ethics to cost accounting.
So what would Brother Luca, the Father of Accounting and
the original standardsetter say about convergence of
Living in the Italian Renaissance, as a teacher and friend
to Leonarda Da Vinci and a contemporary of Christopher Columbus,
Brother Luca would arguably be a very early observer to the
new world economy, to what has become broadly known today
I suspect that if he could see more than 500 years in the
future, he would have understood the importance of a common
language. And he would see value in a common set of principles
to evaluate and understand the financial well being of a company
regardless of whether it was located in Venice, Paris, Beijing
or the soon to be discovered New York.
While he might have been curious at the intricacies and minutiae
behind FIN 46 or AcG 15, I am reasonably confident Brother
Luca might have understood and agreed with arguments in favour
of a uniform set of high quality globally accepted financial
And given his writings and observations on accounting were
of Renaissance Venice and not from the corner of King and
Bay, he may also have agreed with the idea that accounting
standards should be organic and evolve to accommodate the
times and concerns of the day.
In 2007, the times and concerns revolve around a global economy
characterized by rapid, frequent and free flows of capital
across borders and markets. But our world has at least one
thing in common with Renaissance Italy: trade and commerce
are still pursuits of commonality:
- Common interests - you have goods to sell, I have a need
- Common currencies - payment in commonly accepted currency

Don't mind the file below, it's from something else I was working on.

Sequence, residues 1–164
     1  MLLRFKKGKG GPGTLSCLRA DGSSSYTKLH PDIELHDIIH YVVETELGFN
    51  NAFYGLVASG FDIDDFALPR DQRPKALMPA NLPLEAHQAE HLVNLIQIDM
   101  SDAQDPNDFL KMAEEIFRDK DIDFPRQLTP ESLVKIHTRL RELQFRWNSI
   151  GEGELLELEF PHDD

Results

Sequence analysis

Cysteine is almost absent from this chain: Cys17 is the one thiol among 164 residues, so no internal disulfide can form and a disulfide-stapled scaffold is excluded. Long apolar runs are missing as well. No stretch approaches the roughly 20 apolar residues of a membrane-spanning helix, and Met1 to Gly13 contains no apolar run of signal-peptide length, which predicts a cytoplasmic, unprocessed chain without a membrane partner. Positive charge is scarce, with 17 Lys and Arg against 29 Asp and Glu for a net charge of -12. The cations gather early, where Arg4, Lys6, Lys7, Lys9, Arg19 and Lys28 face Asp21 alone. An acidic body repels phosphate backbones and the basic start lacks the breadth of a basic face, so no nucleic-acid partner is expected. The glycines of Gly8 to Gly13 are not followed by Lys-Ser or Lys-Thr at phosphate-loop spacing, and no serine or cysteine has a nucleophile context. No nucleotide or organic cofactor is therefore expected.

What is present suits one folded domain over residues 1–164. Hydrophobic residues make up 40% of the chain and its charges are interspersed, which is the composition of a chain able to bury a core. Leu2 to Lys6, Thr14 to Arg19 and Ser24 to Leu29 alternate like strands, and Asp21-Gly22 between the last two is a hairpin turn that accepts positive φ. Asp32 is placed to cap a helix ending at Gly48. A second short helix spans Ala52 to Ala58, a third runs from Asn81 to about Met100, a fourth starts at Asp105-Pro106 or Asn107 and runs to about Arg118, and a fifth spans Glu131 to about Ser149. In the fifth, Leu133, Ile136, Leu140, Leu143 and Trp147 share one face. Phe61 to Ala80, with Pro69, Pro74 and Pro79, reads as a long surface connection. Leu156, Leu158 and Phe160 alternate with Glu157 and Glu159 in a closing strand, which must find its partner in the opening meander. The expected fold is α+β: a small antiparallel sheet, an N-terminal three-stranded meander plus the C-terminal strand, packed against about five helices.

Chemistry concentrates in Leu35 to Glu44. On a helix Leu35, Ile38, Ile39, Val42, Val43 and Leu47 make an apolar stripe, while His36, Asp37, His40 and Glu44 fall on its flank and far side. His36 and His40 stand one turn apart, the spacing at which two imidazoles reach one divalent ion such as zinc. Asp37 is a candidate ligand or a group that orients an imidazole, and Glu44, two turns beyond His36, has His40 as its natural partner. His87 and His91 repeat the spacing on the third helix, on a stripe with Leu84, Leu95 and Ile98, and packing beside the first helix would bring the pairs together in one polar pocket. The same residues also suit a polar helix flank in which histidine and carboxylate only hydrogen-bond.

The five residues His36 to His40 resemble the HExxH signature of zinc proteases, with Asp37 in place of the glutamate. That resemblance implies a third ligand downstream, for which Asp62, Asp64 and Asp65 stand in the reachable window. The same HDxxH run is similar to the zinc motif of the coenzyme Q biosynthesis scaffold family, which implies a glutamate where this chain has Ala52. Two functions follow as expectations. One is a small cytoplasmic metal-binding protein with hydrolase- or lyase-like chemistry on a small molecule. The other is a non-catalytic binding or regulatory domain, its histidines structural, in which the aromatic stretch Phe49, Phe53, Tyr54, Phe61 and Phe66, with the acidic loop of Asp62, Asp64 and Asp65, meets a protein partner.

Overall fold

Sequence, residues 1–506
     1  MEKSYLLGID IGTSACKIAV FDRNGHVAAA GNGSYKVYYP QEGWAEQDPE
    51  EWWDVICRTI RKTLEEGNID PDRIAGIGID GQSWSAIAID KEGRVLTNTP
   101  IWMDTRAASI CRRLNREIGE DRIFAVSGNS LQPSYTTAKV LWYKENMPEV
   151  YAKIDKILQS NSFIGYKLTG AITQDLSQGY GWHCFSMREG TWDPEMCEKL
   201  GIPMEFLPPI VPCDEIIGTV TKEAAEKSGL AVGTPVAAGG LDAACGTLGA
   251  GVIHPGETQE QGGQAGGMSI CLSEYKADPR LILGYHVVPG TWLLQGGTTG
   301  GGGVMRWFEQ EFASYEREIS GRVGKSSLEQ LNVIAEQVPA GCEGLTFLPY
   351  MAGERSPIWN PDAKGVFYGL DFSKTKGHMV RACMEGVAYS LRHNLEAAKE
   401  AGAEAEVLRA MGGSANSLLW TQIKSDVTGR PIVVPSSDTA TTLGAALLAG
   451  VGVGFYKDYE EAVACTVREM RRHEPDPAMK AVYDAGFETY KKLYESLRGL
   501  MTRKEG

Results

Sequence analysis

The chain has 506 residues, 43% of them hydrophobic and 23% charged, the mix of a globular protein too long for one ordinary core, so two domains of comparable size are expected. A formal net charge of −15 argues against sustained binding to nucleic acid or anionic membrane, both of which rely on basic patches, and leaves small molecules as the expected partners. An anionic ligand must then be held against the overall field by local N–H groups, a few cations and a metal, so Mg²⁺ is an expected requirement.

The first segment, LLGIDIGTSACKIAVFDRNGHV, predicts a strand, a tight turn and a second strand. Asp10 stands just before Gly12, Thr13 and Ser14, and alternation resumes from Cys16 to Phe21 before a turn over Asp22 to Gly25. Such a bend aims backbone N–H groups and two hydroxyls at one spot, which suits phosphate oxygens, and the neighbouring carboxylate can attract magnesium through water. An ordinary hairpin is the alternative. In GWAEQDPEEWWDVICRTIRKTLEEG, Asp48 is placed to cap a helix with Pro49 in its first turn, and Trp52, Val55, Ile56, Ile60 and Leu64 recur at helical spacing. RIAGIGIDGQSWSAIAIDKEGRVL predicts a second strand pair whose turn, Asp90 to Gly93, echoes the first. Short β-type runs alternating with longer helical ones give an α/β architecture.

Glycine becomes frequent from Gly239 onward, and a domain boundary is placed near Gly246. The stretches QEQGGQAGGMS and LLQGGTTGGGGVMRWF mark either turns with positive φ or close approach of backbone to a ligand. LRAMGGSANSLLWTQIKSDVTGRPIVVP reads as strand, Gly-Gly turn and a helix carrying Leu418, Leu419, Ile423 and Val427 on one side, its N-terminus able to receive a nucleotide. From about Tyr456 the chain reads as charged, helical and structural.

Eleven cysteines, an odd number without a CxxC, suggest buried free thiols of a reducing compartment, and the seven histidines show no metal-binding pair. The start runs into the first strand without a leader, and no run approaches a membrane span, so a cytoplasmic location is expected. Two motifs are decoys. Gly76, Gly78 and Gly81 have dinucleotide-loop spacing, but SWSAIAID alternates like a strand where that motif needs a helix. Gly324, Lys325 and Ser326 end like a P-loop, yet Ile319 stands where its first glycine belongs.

makes for an easier transaction.
- Common measurement - the world, with one large notable
exception, uses a common system for weights and measures.
- Common languages - it's easier to trade when you understand
each other. How many kids are learning second, third and
fourth languages today compared with 40 years ago?
Financial reporting, it would seem, is only one of many areas
in trade and commerce being standardized.
Accounting convergence is a necessary reflection of the global
characteristics of our economies and capital flows. And ladies
and gentlemen, that train left the station, with the EU, Japan,
China and a number of other countries on board. Even the Americans
are considering the journey.
While there is some discussion on both sides of the Atlantic
about the faults of IFRS and the hardship it might cause companies,
there is little dispute about the merits of having a set of
universal standards for how the world's companies report on
their finances. At dispute is how we get there and how quickly.
The concept of converging Canadian standards with international
ones is not only a good idea, it is a necessary one that has
benefits for Canadian companies and investors in a globally
competitive market. Consider these factors: